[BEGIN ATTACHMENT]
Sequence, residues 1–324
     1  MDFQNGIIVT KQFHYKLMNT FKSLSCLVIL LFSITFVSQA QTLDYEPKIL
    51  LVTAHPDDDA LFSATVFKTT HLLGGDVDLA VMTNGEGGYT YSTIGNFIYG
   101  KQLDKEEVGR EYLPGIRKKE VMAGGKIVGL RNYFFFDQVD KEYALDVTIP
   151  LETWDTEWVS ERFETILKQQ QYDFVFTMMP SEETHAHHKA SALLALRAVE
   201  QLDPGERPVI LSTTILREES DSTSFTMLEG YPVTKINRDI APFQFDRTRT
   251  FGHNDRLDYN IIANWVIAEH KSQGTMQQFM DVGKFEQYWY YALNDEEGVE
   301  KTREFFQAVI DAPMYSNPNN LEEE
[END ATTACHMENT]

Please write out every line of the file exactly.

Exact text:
Sequence, residues 1–324
     1  MDFQNGIIVT KQFHYKLMNT FKSLSCLVIL LFSITFVSQA QTLDYEPKIL
    51  LVTAHPDDDA LFSATVFKTT HLLGGDVDLA VMTNGEGGYT YSTIGNFIYG
   101  KQLDKEEVGR EYLPGIRKKE VMAGGKIVGL RNYFFFDQVD KEYALDVTIP
   151  LETWDTEWVS ERFETILKQQ QYDFVFTMMP SEETHAHHKA SALLALRAVE
   201  QLDPGERPVI LSTTILREES DSTSFTMLEG YPVTKINRDI APFQFDRTRT
   251  FGHNDRLDYN IIANWVIAEH KSQGTMQQFM DVGKFEQYWY YALNDEEGVE
   301  KTREFFQAVI DAPMYSNPNN LEEE